Life on the Inside: Building Community and Connection Across Prison Walls
In Field Notes, writers show us the creativity, perspectives, and strategies of everyday organizers who are pushing us toward a world where a truly just, multiracial democracy is possible. The U.S. prison system leads the world in incarceration rates, with the growth of private prisons providing an economic incentive to see these numbers climb. One challenge facing activists is how narratives of incarceration dehumanize people who go through the system. In this Field Note, Ryan M. Moser shows how one visitation program has seen success across multiple states in changing preconceived notions about incarcerated people.
Ryan M. Moser
08 November, 2023
Edward Demoreta, 40, a former school teacher, who is serving 25 years in prison, sat fidgeting his hands. When the visitor asked him what people should know about prison, Demoreta replied that the Department of Corrections encourages the worst version of himself.
“Because of this violent environment and the way we're treated by officers, we’re not being prepared for reentry back into society,” Demoreta said.
“Why should free people care about you or how the officers treat you?” the visitor asked.
Demoreta paused, contemplating, as the woman who posed the question stared intently. “Because if society picks which groups of people we care about, we’ll find ourselves in the company of history’s greatest villains.”
Each week, community members in South Florida have the opportunity to visit the Everglades or Homestead Correctional Institutions, and have one-on-one and group discussions with incarcerated residents. The multi-state Prison Visitation Program is an endeavor of the Frederick Douglass Project for Justice (FDPJ), founded in 2020 by Dr. Marc Howard, a professor at Georgetown University. Its goal is to shed light on the humanity that exists within the prison by giving people on the outside a chance to interact with system-impacted people.
According to FDPJ’s mission statement, the program “facilitates structured meetings and respectful conversations between members of free society and [incarcerated people], so they can learn from each other, form powerful human connections, and transform both their own lives and society at large.”
Two million people are imprisoned in the United States, yet few people on the outside know what happens to men and women once they’re locked away behind bars. Florida is exceptionally punitive – it has the third largest prison system in the country – and continually takes steps to further isolate residents by only allowing video visitation in most county jails, limiting the amount of contact they can have with family and friends, and broadening the gap between the imprisoned and society. Emails to and from institutions are regularly censored and rejected for content about prison conditions.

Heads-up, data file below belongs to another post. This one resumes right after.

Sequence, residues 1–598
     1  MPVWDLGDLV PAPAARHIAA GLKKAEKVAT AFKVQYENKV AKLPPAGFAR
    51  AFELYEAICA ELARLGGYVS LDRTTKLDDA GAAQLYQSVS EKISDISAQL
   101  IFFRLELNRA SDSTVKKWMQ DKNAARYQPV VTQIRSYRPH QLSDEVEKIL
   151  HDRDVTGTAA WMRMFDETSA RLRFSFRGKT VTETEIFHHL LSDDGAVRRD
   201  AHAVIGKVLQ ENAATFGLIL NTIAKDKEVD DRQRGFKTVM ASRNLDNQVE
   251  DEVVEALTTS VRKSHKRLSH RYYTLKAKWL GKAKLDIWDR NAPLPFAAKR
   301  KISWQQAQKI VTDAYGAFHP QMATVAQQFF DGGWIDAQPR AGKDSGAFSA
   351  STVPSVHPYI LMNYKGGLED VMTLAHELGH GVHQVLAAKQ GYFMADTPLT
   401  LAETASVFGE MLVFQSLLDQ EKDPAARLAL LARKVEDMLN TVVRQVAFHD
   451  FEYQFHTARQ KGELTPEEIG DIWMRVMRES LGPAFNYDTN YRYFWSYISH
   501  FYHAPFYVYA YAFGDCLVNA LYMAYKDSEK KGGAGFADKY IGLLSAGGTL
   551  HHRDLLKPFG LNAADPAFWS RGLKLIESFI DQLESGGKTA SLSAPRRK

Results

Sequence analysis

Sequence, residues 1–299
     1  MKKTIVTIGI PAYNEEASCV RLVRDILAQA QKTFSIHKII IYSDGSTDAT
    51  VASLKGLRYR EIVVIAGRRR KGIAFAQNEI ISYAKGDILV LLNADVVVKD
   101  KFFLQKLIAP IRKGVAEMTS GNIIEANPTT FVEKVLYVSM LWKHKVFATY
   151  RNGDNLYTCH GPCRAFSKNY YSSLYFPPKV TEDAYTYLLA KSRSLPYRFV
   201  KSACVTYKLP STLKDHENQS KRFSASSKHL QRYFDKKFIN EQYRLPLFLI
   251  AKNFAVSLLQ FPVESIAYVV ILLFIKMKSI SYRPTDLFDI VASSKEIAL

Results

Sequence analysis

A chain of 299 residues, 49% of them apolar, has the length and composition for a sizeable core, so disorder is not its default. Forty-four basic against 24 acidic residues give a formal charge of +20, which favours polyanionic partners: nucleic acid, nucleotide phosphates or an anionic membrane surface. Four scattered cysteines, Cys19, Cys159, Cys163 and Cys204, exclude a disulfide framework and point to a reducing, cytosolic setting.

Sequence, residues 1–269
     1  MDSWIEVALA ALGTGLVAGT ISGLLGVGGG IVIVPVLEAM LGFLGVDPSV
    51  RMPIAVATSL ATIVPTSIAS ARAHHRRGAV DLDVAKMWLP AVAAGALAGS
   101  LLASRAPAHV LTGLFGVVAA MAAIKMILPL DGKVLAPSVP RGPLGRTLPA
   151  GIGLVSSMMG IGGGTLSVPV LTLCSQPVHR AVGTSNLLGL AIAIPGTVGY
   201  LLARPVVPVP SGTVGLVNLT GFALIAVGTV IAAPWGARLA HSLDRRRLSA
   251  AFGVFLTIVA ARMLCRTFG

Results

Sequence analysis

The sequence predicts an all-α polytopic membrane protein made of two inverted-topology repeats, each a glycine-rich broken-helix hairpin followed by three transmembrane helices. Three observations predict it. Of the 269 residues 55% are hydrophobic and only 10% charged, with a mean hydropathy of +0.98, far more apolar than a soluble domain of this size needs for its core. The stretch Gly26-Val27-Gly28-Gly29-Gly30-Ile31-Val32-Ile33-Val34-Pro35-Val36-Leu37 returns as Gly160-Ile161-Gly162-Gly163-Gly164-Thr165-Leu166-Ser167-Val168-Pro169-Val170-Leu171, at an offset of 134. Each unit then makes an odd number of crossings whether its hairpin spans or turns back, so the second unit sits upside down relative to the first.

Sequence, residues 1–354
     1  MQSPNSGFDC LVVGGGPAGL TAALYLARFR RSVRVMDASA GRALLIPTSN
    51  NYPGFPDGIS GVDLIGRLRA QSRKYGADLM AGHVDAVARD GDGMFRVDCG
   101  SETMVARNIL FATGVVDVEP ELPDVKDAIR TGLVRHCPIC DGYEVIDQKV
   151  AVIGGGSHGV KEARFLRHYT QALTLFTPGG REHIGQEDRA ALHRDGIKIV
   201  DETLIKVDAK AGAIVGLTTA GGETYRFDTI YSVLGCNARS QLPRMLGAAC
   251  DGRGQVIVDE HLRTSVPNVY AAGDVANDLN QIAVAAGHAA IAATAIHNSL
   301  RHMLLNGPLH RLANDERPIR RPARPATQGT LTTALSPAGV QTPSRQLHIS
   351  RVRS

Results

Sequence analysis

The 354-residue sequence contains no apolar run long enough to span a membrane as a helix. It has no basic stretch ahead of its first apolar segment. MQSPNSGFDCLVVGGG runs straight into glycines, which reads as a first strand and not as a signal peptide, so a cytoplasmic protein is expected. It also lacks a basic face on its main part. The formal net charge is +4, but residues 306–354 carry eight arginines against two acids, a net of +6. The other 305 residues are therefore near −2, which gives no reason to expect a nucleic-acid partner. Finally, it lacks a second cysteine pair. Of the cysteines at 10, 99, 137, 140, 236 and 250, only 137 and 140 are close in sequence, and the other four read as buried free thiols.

One of the goals of the Prison Visitation Program is to disrupt the silence and stereotypes that have prevented open dialogue for so long, and the impact can be seen in the sincere conversations being had in the program and the lingering effects on the people inside.
“We invite and support people to connect with each other on a purely human level, giving rise to some extraordinary transformative conversations,” said Dr. Howard.
Dr. Howard first visited a prison to see his childhood friend who had been wrongfully convicted, and was eventually exonerated, of a double homicide. That visit shaped the course of Dr. Howard's life; he is now one of the country’s leading advocates for criminal justice reform. He launched the Frederick Douglass Project for Justice, hoping to embody the values and legacy of the 19th-century abolitionist, through a focus on emancipation, equality, and justice.
The Prison Visitation Program, which is at the project’s core, began in Washington, D.C., and expanded to Colorado and Florida before the COVID-19 pandemic paused its growth. But the success of the meetings is evident, and the project now has programs planned for New York, California, and Minnesota.
These encounters between people who usually wouldn’t meet are meant to nurture empathy in both the visitors and the incarcerated residents, and help bridge the gap between them.